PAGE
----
Two area police officers hope their new business will save lives with a little help from above.
Ryan Anschutz and John Bartolucci recently formed HYSight Technologies to provide unmanned aerial vehicles — better known as drones — for law enforcement, fire and public safety agencies.
“These are going to save a bunch of lives all around the country,” Anschutz said.
Bartolucci offered examples.
“This can reduce the time it takes to find an autistic child or an elderly person with dementia,” he said.
The drones also have thermal imaging, which could help firefighters locate victims more quickly.
The partners at HYSight Technologies say drones also can help with foot chases and marijuana eradication, among other services.
Anschutz said the advanced technology involved with drones makes them easy to learn to operate.
“They (users) will be able to set these up in minutes, if not seconds,” Bartolucci added.
Anschutz and Bartolucci emphasize they are offering the drones strictly for humanitarian purposes. They say they are not interested in invading anyone’s privacy.
“One of the hurdles we have is public perception,” Anschutz said. “They (some people) see the eye in the sky as negative.”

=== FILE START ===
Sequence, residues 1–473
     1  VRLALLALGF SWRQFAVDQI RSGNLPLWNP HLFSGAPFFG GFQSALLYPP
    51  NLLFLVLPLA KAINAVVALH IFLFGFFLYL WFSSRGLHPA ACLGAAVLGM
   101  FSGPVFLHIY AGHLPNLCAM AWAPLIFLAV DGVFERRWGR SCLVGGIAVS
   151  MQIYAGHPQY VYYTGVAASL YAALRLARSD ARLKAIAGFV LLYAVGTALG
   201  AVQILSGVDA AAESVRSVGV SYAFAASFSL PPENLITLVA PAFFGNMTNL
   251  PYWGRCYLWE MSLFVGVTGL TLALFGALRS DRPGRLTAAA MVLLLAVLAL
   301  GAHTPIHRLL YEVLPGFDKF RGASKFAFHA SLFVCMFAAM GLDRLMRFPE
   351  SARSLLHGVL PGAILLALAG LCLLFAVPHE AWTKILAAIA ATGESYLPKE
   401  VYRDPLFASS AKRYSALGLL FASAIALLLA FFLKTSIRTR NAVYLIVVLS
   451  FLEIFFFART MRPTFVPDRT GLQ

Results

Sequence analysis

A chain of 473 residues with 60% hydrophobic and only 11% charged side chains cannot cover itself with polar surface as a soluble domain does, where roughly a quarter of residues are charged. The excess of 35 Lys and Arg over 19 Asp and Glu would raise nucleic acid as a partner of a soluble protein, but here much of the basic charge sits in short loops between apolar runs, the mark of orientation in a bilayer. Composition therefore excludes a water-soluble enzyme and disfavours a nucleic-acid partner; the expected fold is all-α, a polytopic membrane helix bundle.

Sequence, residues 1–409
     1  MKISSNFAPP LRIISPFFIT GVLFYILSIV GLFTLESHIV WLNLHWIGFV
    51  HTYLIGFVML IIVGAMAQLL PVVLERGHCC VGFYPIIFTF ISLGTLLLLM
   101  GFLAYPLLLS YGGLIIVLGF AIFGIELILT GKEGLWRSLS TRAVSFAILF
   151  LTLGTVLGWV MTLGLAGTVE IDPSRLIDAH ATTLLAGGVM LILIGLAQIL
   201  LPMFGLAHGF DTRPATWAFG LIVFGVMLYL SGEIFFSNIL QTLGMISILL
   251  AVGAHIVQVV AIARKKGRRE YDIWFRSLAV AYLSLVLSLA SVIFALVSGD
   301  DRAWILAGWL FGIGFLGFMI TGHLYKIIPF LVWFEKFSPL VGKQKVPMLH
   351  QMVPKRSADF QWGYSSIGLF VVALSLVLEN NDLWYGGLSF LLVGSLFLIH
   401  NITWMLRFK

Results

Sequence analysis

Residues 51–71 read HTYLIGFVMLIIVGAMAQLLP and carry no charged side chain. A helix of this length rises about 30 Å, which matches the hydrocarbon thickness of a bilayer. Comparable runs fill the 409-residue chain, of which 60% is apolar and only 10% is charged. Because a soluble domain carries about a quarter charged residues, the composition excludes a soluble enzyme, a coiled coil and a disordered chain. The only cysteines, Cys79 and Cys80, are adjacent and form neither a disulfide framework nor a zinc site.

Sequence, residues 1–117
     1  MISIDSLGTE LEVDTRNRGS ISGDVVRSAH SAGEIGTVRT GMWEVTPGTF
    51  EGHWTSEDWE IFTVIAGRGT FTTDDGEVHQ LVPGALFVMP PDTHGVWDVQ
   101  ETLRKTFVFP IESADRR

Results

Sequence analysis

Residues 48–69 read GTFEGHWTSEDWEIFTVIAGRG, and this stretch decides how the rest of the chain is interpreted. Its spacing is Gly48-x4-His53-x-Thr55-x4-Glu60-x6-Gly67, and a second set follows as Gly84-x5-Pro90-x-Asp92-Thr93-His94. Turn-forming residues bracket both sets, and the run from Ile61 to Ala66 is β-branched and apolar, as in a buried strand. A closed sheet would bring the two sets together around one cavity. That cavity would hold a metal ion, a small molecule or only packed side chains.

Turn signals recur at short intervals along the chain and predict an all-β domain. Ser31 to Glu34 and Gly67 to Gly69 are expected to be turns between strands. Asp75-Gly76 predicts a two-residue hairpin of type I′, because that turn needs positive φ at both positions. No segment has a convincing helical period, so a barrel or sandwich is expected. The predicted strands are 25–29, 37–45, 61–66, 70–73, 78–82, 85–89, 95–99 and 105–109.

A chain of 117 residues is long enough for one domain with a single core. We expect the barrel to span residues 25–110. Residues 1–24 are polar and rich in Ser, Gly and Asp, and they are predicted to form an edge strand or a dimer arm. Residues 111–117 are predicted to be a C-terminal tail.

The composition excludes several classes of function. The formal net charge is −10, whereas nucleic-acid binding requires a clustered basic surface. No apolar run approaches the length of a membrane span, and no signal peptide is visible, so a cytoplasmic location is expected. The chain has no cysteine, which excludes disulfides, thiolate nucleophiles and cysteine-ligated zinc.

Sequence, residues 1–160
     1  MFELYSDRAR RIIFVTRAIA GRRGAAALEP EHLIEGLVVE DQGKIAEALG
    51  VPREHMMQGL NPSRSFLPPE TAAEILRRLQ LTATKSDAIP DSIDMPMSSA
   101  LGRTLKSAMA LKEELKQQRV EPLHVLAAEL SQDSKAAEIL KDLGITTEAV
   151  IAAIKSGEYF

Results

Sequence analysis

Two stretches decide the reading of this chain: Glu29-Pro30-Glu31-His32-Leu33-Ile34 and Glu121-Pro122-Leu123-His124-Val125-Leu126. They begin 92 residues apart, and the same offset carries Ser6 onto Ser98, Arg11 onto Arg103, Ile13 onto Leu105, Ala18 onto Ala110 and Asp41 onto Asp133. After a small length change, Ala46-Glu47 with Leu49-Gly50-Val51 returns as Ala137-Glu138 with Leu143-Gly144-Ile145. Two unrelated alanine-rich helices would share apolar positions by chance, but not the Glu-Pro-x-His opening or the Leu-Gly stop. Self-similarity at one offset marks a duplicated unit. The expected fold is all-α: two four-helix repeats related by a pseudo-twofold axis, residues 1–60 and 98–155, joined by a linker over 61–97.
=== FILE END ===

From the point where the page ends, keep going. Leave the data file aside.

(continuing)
HYSight acquires and equips purpose-built drones, provides flight training, guides agencies through Federal Administration Agency authorization and offers ongoing support.
Anschutz and Bartolucci put on a demonstration recently at Ontario’s Marshall Park. A light rain fell midway through the demonstration, but didn’t bring it to an end.
“These will fly when a helicopter won’t,” Bartolucci said.
With a combined 30 years of public safety experience, Anschutz and Bartolucci have life-saving know-how. They’re both trained pilots.
Anschutz also is certified for incident command systems and has experience as a police operations instructor and certified firefighter. Bartolucci also owns and operates Ad Hoc, a longtime computer repair and consulting business.
They say the drone business is strictly part-time.